Volume 631, November 2019
|Number of page(s)||18|
|Section||Planets and planetary systems|
|Published online||01 November 2019|
Linking the evolution of terrestrial interiors and an early outgassed atmosphere to astrophysical observations
Center for Space and Habitability, University of Bern,
e-mail: firstname.lastname@example.org; email@example.com
2 Earth and Environmental Sciences, University of Michigan, 1100 North University Avenue, Ann Arbor, MI 48109-1005, USA
3 Institute of Geophysics, ETH Zurich, Sonneggstrasse 5, 8092 Zurich, Switzerland
4 University of Zurich, Institute of Computational Sciences, Winterthurerstrasse 190, 8057 Zurich, Switzerland
5 Physics Institute, University of Bern, Sidlerstrasse 5, 3012 Bern, Switzerland
Accepted: 6 September 2019
Context. A terrestrial planet is molten during formation and may remain molten due to intense insolation or tidal forces. Observations favour the detection and characterisation of hot planets, potentially with large outgassed atmospheres.
Aims. We aim to determine the radius of hot Earth-like planets with large outgassing atmospheres. Our goal is to explore the differences between molten and solid silicate planets on the mass–radius relationship and transmission and emission spectra.
Methods. An interior–atmosphere model was combined with static structure calculations to track the evolving radius of a hot rocky planet that outgasses CO2 and H2O. We generated synthetic emission and transmission spectra for CO2 and H2O dominated atmospheres.
Results. Atmospheres dominated by CO2 suppress the outgassing of H2O to a greater extent than previously realised since previous studies applied an erroneous relationship between volatile mass and partial pressure. We therefore predict that more H2O can be retained by the interior during the later stages of magma ocean crystallisation. Formation of a surface lid can tie the outgassing of H2O to the efficiency of heat transport through the lid, rather than the radiative timescale of the atmosphere. Contraction of the mantle, as it cools from molten to solid, reduces the radius by around 5%, which can partly be offset by the addition of a relatively light species (e.g. H2O versus CO2) to the atmosphere.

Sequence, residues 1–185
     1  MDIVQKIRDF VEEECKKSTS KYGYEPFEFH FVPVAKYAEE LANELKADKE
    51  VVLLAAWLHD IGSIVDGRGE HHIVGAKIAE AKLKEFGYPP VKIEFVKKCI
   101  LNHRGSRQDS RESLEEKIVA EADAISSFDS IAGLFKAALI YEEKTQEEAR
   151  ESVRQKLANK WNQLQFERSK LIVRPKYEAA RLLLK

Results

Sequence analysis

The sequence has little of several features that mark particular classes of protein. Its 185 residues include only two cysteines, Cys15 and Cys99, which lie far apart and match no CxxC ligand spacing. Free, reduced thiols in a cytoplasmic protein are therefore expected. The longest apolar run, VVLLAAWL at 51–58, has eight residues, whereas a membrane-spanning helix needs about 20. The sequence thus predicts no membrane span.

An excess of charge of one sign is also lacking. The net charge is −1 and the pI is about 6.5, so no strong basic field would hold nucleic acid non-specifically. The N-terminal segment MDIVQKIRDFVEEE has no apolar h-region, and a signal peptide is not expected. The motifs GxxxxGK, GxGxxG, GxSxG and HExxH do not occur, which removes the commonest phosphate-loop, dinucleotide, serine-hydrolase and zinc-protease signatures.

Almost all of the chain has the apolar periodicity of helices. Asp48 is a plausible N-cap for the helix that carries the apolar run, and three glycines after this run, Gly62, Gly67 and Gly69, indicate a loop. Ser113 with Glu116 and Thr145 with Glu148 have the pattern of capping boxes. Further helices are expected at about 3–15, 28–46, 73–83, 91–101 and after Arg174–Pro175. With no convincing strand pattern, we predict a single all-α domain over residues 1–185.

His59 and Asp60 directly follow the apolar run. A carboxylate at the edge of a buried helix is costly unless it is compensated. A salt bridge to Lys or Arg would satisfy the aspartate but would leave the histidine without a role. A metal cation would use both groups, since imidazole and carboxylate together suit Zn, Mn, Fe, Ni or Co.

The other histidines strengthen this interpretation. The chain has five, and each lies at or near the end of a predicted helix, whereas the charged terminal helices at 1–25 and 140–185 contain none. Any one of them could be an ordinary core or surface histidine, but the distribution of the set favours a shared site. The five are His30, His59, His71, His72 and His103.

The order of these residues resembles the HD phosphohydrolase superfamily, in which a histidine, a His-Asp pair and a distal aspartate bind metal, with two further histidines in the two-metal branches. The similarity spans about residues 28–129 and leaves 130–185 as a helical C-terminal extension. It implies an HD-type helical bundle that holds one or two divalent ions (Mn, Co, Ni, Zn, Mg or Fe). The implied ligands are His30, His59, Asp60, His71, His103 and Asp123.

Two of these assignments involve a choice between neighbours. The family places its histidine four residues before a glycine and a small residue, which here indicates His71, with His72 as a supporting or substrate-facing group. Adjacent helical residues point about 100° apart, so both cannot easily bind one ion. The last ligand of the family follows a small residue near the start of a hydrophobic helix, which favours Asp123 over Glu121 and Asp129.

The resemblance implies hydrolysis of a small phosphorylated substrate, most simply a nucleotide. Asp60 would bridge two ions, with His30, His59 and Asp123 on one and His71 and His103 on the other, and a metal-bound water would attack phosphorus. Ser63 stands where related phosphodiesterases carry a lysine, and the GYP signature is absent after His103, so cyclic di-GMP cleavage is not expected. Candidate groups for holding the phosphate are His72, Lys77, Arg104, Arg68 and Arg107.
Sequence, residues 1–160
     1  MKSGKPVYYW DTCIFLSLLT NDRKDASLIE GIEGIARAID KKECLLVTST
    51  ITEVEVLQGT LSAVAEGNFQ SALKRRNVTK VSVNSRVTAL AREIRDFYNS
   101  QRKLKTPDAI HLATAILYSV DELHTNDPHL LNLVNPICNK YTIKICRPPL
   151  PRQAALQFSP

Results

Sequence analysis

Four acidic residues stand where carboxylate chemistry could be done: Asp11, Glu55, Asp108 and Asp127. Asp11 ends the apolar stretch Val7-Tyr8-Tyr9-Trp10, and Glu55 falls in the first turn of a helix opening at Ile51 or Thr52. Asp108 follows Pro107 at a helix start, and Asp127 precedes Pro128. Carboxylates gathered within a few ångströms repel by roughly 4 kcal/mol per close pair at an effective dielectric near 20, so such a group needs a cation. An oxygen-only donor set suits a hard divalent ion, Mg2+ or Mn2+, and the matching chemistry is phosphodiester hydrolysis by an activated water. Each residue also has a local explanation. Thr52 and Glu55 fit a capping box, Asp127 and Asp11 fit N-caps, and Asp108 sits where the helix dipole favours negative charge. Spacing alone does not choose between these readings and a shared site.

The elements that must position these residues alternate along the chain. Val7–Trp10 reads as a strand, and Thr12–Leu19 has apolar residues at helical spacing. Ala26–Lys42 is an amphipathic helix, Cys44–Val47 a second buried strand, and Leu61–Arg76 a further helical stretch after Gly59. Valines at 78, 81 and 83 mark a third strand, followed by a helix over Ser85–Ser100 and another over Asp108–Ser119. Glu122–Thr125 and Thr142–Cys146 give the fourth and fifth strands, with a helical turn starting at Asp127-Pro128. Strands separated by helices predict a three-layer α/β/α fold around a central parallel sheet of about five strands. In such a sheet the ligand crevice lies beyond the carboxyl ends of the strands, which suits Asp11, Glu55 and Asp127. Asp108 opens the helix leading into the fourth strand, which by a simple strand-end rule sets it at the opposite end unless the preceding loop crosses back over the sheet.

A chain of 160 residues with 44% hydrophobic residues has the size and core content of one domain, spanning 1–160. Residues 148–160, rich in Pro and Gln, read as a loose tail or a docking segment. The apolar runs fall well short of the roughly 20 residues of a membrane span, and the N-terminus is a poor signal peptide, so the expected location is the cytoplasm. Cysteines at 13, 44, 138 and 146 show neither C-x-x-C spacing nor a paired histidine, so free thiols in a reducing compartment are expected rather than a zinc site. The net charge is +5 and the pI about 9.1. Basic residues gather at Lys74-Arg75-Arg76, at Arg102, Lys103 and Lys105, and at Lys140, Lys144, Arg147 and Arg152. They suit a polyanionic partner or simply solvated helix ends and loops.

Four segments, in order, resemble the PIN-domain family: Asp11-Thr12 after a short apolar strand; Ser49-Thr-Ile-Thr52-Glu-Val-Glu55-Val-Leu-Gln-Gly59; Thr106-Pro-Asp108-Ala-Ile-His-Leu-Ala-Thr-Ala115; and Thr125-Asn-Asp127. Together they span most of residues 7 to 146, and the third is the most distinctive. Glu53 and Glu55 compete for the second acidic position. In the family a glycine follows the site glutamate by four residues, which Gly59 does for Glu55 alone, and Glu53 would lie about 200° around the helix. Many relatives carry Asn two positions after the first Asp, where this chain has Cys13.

Conclusions. A molten silicate mantle can increase the radius of a terrestrial planet by around 5% compared to its solid counterpart, or equivalently account for a 13% decrease in bulk density. An outgassing atmosphere can perturb the total radius, according to its composition, notably the abundance of light versus heavy volatile species. Atmospheres of terrestrial planets around M-stars that are dominated by CO2 or H2O can be distinguished by observing facilities with extended wavelength coverage (e.g. JWST).
Key words: planets and satellites: interiors / planets and satellites: detection / planets and satellites: terrestrial planets / Earth / planets and satellites: atmospheres / planets and satellites: composition
© ESO 2019
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